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amusement. These tastes gave truth and vivacity to his de scriptions, and warmed his soul with that deep admiration for the wonders of Nature which constant association with her inspired.
He never intended to publish “ Queen Mab” as it stands; but a few years after, when printing “Alastor," he extracted a small portion, which he entitled “The Dæmon of the World;" in this he changed somewhat the versificationand made other alterations scarcely to be called improvements.
I extract the invocation of “Queen Mab" to the Soul of Ianthe, as altered in “ The Dæmon of the World.” I give it as a specimen of the alterations made. It well characterizes his own state of mind.
Maiden, the world's supremest spirit
Beneath the shadow of her wings
Feelings that lure thee to betray
For thou hast earned a mighty boon;
The truths which wisest poets see
Entranced in some diviner mood
Custom and faith and power thou spurnest,
From hate and fear thy heart is free;
A living light to cheer it long,
Therefore, from nature's inner shrine,
Where gods and fiends in worship bend,
Where the vast snake Eternity
All that inspires thy voice of love,
Or speaks in thy unclosing eyes,
Spirit, leave for mine and me
Some years after, when in Italy, a bookseller published an edition of “ Queen Mab” as it originally stood. Shelley was hastily written to by his friends, under the idea that, deeply injurious as the mere distribution of the Poem had proved, the publication might awaken fresh persecutions. At the suggestion of these friends he wrote a letter on the subject, printed in “The Examiner” newspaper-with which I close this history of his earliest work.
66 TO THE EDITOR OF
“Having heard that a poem, entitled 'Queen Mab,'has been surreptitiously published in London, and that legal proceedings have been instituted against the publisher, I request the favour of your insertion of the following explanation of the affair, as it relates to me.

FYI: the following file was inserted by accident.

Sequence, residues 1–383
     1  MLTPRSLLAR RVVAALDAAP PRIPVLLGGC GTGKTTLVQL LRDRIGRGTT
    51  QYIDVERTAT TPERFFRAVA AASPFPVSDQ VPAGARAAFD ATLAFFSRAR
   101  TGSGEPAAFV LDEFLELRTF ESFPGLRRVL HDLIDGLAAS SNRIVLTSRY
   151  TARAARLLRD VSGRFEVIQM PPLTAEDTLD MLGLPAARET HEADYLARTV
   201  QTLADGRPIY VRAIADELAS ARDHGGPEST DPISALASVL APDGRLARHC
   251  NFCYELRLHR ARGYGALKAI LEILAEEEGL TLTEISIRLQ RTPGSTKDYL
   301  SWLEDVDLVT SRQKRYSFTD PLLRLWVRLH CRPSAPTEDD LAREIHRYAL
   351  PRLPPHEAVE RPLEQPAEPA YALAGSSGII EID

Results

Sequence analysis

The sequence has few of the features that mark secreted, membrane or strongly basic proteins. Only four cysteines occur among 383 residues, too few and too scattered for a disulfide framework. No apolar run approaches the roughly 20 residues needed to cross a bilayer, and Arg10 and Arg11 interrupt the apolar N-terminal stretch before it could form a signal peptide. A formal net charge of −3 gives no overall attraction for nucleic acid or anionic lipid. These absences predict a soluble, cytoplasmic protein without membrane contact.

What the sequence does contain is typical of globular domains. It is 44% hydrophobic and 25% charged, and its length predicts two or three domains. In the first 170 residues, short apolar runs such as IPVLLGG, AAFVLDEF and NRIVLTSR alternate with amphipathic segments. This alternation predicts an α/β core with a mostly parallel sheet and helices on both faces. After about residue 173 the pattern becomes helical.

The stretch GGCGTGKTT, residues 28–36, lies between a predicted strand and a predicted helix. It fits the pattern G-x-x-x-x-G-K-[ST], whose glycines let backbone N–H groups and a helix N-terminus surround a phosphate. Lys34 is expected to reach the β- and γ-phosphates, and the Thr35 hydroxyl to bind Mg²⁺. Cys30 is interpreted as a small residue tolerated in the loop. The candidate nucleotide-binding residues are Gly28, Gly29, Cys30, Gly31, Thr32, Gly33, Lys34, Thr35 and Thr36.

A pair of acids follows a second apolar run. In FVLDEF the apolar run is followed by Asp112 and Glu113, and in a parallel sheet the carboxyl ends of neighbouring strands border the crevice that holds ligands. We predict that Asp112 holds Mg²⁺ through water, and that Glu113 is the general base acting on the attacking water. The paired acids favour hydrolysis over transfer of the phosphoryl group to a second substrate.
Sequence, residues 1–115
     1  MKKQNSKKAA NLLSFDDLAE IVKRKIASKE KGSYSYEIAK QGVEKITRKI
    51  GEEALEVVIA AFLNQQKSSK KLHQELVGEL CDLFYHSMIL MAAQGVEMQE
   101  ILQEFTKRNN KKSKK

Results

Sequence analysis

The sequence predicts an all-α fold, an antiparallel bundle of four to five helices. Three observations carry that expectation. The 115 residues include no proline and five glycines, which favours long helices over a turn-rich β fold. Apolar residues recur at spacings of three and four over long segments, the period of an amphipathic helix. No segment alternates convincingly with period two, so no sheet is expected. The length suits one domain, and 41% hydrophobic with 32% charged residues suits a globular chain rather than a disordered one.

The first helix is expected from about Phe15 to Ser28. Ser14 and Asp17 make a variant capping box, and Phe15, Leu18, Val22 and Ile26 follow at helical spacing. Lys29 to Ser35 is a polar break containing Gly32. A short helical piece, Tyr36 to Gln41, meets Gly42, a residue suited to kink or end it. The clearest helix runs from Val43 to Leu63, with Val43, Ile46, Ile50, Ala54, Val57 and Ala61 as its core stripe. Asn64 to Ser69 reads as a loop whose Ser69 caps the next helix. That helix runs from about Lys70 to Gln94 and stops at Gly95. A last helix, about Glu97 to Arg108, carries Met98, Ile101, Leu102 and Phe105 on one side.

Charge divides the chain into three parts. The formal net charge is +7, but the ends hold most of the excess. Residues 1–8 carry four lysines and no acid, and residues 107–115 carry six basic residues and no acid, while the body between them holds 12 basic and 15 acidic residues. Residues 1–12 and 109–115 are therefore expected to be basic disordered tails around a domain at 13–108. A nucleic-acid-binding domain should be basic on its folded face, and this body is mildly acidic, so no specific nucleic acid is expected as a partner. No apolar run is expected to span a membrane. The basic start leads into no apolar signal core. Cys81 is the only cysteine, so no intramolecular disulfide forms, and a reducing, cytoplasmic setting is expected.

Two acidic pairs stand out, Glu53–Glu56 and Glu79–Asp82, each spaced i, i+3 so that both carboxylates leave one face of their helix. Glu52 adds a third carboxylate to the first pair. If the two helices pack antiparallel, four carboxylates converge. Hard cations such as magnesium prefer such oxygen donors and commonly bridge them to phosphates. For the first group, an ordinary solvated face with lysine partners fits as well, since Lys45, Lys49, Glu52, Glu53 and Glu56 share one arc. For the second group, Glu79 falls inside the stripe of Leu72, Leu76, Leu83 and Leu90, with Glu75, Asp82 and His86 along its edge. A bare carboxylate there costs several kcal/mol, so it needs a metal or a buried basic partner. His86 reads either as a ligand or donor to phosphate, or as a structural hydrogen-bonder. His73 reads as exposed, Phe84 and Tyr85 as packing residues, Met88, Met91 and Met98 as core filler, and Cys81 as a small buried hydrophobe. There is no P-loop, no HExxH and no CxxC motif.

“A poem, entitled "Queen Mab,' was written by me, at the age of eighteen, I dare say in a sufficiently intemperate spirit-but even then was not intended for publication, and a few copies only were struck off, to be distributed among my personal friends. I have not seen this production for several years; I doubt not but that it is perfectly worthless in point of literary composition; and that in all that concerns moral and political speculation, as well as in the subtler discriminations of metaphysical and religious doctrine, it is still more crude and immature. I am a devoted enemy to religious, political, and domestic oppression; and
regret this publication not so much from literary vanity, as because I fear it is better fitted to injure than to serve the sacred cause of freedom. I have directed my solicitor to apply to Chancery for an injunction to restrain the sale; but after the precedent of Mr. Southey's “Wat Tyler,' (a poem, written, I believe, at the same age, and with the same unreflecting enthusiasm,) with little hope of success.
" Whilst I exonerate myself from all share in having divulged opinions hostile to existing sanctions, under the form, whatever it may be, which they assume in this poem; it is scarcely necessary for me to protest against the system of inculcating the truth of Christianity or the excellence of Monarchy, however true or however excellent they may be, by such equivocal arguments as confiscation and imprisonment, and invective and slander, and the insolent violation of the most sacred ties of nature and society.
“ PERCY B. SHELLEY. “Pisa, June 22, 1821."
NOTE. — Shelley's maturer opinions in regard to Christianity and its founder, may be gathered from passages in the First Act of “Promethens Unbound."
THE SPIRIT OF SOLITUDE.
Nondum amabam, et amare amabam; quærebam quid amarem amans amare.
Confess. St. August.